Perturbations of ER homeostasis leads to generation of intermediary misfolded forms of PrPC, increasing its susceptibility to be converted into PrPRES in vitro.2224 This partial misfolding of PrPC, may be reverted by the overexpression of UPR components such as XBP-1, ATF4 and ATF6,23 suggesting that the UPR has an active role in preventing neurodegeneration. In cellular models, ER stress conditions reduce PrP co-translational translocation, favoring accumulation of aggregation-prone cytosolic species, which retain the signal sequence but lack N-glycans and disulfides.24 Inhibition of proteasomes further increases the levels of cytosolic PrP.24 Overexpression of UPR transcription factor XBP1 facilitated ER translocation, suggesting possible neuroprotective effects of this pathway.24 Similarly, other groups have shown that cytosolic accumulation of PrP lead to accumulation PrPRES-like species normally degraded by ERAD, leading to neurotoxicity.10,11,19,2527 However, exposition of a XBP-1 deficient mouse to scrapie prions did not alter PrP misfolding or pathogenesis,14 neither caspase-12 deficiency (an ER located caspase), modified disease progression on an infectious PrD mouse model.15 Another report suggested that neurodegeneration in PrDs might be dependent on chronic ER stress produced by PrPRES accumulation due to persistent activation of a “preemptive” quality control system (pQC) that aborts the ER translocation of PrP leading to cytosolic accumulation of PrP, resulting in neurotoxicity.19

Abnormal Calcium Homeostasis: A Common Factor in the Pathogenesis of Prions

There are many different cellular perturbations that can generate ER stress including expression of mutant proteins, altered protein maturation, abnormal redox status, chaperone inactivation and inhibition of the proteasome or the ERAD pathway. In addition, decreased ER calcium content is an important factor leading to ER stress.28 In neurons, calcium signals play a relevant role as a second messenger, controlling synaptic functions and cell viability. At basal conditions, ER calcium concentrations are close to 300 µM, whereas cytosolic calcium concentrations usually are 5–50 µM.29 Several key ER chaperones require optimal calcium concentrations for their protein folding activity.30 Thus, ER-calcium depletion may inhibit the folding and maturation proteins.31 Besides, sustained increase of cytosolic calcium may also induce mitochondrial-mediated apoptosis via the activation of proteins like calcineurin or by overload of mitochondrial calcium (Fig. 1).32 For this reason, the regulation of specific concentration of calcium in the cytosol and ER lumen are critical for maintain normal cellular functions and protein homeostasis.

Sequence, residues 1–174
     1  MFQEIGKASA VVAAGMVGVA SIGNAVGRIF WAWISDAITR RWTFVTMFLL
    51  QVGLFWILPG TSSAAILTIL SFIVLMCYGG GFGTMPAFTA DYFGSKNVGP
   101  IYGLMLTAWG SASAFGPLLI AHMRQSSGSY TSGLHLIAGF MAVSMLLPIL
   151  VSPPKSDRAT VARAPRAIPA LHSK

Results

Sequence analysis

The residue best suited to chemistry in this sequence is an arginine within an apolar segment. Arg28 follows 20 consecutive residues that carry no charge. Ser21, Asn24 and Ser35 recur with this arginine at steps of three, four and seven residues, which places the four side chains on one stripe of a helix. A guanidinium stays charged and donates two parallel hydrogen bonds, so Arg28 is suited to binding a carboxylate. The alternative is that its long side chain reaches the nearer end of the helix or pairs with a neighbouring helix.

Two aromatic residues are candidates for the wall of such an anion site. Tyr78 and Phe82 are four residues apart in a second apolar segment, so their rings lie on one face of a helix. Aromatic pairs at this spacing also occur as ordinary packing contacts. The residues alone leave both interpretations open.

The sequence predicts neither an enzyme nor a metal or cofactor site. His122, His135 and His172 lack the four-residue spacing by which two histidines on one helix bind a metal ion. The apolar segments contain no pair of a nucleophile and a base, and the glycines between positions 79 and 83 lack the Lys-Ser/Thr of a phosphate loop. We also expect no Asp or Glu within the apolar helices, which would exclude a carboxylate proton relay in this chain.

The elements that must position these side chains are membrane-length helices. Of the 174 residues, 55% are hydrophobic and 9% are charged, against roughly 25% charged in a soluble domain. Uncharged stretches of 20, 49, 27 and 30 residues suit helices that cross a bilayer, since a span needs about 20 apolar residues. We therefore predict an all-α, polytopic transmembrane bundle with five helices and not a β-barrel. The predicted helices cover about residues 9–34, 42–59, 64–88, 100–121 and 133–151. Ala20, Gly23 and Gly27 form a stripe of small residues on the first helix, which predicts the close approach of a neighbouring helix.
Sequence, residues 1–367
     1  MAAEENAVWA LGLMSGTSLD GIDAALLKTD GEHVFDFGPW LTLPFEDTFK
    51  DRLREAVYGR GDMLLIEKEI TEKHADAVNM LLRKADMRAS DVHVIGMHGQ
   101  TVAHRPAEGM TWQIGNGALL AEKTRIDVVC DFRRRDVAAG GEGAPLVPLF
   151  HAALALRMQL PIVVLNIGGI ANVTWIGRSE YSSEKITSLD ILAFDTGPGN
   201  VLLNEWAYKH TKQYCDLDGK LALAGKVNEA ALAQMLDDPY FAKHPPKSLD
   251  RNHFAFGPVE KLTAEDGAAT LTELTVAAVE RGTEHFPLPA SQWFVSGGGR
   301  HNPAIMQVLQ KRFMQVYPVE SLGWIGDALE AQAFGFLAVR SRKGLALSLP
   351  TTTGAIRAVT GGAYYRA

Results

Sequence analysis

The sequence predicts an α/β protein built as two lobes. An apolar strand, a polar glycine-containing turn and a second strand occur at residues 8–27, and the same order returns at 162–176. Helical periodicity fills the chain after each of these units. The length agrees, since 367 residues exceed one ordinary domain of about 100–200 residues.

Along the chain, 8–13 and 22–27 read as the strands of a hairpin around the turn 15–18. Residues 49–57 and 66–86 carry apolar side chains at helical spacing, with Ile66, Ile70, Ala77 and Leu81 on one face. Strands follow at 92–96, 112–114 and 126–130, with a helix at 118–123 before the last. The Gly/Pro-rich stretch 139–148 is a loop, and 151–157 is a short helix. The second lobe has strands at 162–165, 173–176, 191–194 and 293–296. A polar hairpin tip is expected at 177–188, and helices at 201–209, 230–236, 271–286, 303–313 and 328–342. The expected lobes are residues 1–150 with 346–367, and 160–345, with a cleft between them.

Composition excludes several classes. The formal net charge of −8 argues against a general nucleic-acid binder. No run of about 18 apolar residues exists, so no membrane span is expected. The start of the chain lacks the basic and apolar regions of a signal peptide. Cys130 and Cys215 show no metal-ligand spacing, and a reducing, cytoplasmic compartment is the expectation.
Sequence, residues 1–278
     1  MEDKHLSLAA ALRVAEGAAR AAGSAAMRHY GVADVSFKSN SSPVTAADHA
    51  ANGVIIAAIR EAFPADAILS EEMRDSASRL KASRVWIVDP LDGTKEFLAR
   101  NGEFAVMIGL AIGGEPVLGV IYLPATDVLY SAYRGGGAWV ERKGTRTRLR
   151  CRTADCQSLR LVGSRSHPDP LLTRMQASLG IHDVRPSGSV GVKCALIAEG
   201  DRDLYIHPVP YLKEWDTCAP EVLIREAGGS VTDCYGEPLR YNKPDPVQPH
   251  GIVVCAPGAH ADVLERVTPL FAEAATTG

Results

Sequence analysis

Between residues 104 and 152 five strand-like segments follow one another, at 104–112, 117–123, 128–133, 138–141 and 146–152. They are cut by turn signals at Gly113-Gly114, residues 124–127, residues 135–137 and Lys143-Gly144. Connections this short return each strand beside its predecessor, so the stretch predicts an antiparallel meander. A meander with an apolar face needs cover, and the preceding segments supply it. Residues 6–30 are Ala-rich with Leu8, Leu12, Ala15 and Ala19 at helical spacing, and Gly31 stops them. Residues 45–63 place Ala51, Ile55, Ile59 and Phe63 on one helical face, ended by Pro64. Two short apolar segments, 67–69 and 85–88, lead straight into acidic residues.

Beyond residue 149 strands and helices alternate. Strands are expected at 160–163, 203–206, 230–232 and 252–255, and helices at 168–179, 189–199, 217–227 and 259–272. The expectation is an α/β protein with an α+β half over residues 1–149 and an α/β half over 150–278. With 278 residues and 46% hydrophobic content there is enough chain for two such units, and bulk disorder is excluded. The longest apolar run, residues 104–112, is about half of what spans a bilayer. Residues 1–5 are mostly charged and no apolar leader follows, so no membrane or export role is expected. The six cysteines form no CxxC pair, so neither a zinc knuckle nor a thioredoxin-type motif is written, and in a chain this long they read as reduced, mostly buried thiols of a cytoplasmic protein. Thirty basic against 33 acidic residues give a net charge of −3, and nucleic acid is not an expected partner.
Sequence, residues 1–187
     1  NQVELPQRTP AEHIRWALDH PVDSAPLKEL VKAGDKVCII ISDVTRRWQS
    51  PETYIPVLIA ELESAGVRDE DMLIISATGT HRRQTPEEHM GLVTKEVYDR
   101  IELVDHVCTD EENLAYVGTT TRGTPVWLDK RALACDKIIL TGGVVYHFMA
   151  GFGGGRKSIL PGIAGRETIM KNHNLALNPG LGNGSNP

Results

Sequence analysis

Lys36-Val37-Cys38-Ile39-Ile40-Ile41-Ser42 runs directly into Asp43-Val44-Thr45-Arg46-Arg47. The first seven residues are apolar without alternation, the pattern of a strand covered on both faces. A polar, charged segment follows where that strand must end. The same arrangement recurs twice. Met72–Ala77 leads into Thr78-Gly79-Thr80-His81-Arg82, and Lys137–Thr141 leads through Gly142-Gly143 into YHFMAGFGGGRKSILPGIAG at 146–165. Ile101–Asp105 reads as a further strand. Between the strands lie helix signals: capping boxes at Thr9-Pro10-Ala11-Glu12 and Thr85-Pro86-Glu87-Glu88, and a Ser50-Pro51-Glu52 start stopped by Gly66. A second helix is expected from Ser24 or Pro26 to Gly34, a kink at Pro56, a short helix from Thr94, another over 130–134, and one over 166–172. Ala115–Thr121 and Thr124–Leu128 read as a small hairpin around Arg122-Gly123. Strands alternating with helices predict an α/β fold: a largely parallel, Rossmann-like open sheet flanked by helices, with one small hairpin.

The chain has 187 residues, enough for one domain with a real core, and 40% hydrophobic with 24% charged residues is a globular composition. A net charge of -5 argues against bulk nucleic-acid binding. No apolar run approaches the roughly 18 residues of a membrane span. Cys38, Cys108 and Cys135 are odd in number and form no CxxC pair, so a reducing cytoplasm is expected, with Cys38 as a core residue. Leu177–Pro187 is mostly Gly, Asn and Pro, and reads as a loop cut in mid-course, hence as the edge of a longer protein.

Figure 1
ER stress and altered calcium homeostasis in Prion-related Disorders. Misfolded mutant PrP associated with inherited forms of PrDs accumulate in the ER and may affect the activity of proteins controlling the influx/efflux of calcium (i.e., SERCA, IP3Rs ...

It has been suggested that synthetic peptides derived from PrP primary sequence may affect calcium homeostasis.3338 However, these peptides as such have not been observed in PrDs in vivo. Recently, we described the contribution of calcium to the pathogenesis of infectious and familial PrD forms.39 Using purified PrPRES from the brain of scrapie-infected mice we evaluated its impact on ER stress responses and calcium homeostasis. We found that acute exposition of PrPRES of Neuro2a cells induces release of ER-calcium and ER stress, associated with the upregulation of several chaperones and foldases including ERp57, BiP and Grp94. Consistent with these results, cells chronically infected with scrapie prions presented altered ER calcium content. Scrapie infected cells were more susceptible to undergo ER stress-mediated cell death, associated with a stronger UPR activation after exposition of these cells to ER stress-inducing agents.39 We then examined the possible contribution of calcium abnormalities in models of familial PrDs. We generated neuronal cells expressing PrP mutants related to FFI and familial CJD, in addition to a mutant form that is suggested to operate as a misfolded intermediate. Cells expressing mutant PrP were more susceptible to ER stress-inducing agents and presented abnormal ER calcium content.39

It remains to be determined what is the exact mechanism underlying disturbed ER calcium homeostasis and ER stress in PrDs. Interestingly, similar to PrP mutants we observed that a fraction of infectious PrPRES was also locate to the ER.39 One interesting model to test is the possibility that PrP, may interact with proteins that control the levels of calcium like the calcium ATPase SERCA, or the calcium channels IP3 receptors and/or ryanodine receptors as suggested for example in Huntington's disease models.40 Under chronic conditions, this release of calcium may occur slowly, generating in the long term a decrease in the ER steady state calcium levels, generating ER stress. Both, reduction of calcium inside of ER and increase in the cytosol could lead to drastic alterations in protein homeostasis, sensitizing cells to cell death (Fig. 1). In this scenario, the design of small molecules to target calcium handling proteins may represent a novel therapeutic strategy against PrDs and other protein misfolding disorders.

Acknowledgements

This work was supported by FONDECYT no. 1100176, Millennium Nucleus no. P07-048-F, FONDAP grant no. 15010006, ICGEB, Alzheimer's Association, Michael J. Fox Foundation for Parkinson's disease (to C.H.), CONICYT Ph.D., fellowship (M.T.); and the NIH grant R01 NS05349 (C.S.).